Tyler McSwain looked forward to this morning's services at Hope Baptist Church in Sophia, N.C. His hometown friends, favorite hymns and father's sermon.
The four-hour, middle-of-the-night drive? The subsequent sleep deprivation?
Or so he thought.
Rather than snoozing and playing golf, McSwain will travel from home to the Coastal Plain League All-Star Game — a Monday fan fest precedes Tuesday's competition in Wilmington, N.C.
The honor is deserved, despite an original snub.
"We weren't sure we had an ace," Pilots coach Hank Morgan said of his pitching staff. "But Tyler has (emerged)."
Indeed, McSwain's talent and humility combined to cloud Morgan's judgment Thursday as the right-hander struggled through his worst outing of the season.
"I thought about taking him out in the third inning and again in the fourth," Morgan said, "and someone else I probably would have. But I wanted to give him a chance at the win. He'd earned that right."
So Morgan stuck with McSwain through the fifth inning, the minimum required for a starter to receive a victory. The Fayetteville SwampDogs took advantage, roughing up McSwain for 10 hits and five runs, two coming on Tanner Biagini's line-drive home run with two out in the fifth.
McSwain, a rising sophomore at UNC Wilmington, did not figure in the decision as the Pilots rallied to win 8-7. It was the first time he'd needed a bailout from the offense.
Entering Thursday's start, McSwain had pitched 23 2/3 consecutive scoreless innings, a streak that included the game of his life: a one-hitter July 9 against the Wilmington Sharks.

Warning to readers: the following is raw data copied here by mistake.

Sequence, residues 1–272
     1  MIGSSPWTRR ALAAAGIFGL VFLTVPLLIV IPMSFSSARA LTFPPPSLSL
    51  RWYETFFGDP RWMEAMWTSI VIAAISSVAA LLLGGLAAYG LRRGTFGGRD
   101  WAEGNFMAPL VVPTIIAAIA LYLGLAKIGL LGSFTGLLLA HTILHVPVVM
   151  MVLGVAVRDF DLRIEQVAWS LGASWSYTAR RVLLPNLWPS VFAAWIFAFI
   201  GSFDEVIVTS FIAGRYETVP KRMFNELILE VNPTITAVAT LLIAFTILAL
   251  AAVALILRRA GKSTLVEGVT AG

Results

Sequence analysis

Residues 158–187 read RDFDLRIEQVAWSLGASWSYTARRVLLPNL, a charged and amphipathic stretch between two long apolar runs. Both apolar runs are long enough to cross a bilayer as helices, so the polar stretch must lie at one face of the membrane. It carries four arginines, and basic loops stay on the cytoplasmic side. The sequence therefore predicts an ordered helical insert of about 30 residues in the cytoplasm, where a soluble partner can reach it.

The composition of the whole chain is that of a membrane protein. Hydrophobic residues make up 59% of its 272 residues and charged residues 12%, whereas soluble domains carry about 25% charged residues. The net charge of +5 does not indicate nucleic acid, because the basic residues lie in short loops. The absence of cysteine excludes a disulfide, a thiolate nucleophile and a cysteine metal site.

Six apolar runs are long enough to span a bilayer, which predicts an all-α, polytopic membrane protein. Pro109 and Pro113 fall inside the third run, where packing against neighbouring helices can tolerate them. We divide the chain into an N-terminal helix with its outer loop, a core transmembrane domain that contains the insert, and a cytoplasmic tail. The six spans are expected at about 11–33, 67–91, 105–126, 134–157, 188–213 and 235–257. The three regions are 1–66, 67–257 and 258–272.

McSwain struck out 10, walked one, threw a robotic 84 pitches and faced the minimum 27 batters in the 2-0 road victory. And who foiled his perfect game with a single leading off the seventh inning? College teammate Mike Rooney.
"He hit a pretty good pitch, a curve ball down but over the plate," McSwain said. "I couldn't get too mad at him."
McSwain's scoreless stretch ended quickly Thursday as the SwampDogs opened the game with three consecutive opposite-field singles to take a 1-0 lead. His best stuff clearly AWOL, McSwain made no attempt to mask his frustration on the mound, kicking and pawing at the dirt.
Ironically, he'd learned a few hours earlier of his all-star selection — he was chosen not originally but to replace a late scratch caused by injury.
Picking at a postgame stadium meal of baked chicken, mashed potatoes and mac-and-cheese, McSwain lamented his poor control and the grooved 3-0 fastball that Biagini, a rising VMI senior, crushed.
But what of his all-star honor?
"I don't really need that," McSwain said. "I was just looking forward to going home."
Pilots' Tyler McSwain grounded by church and family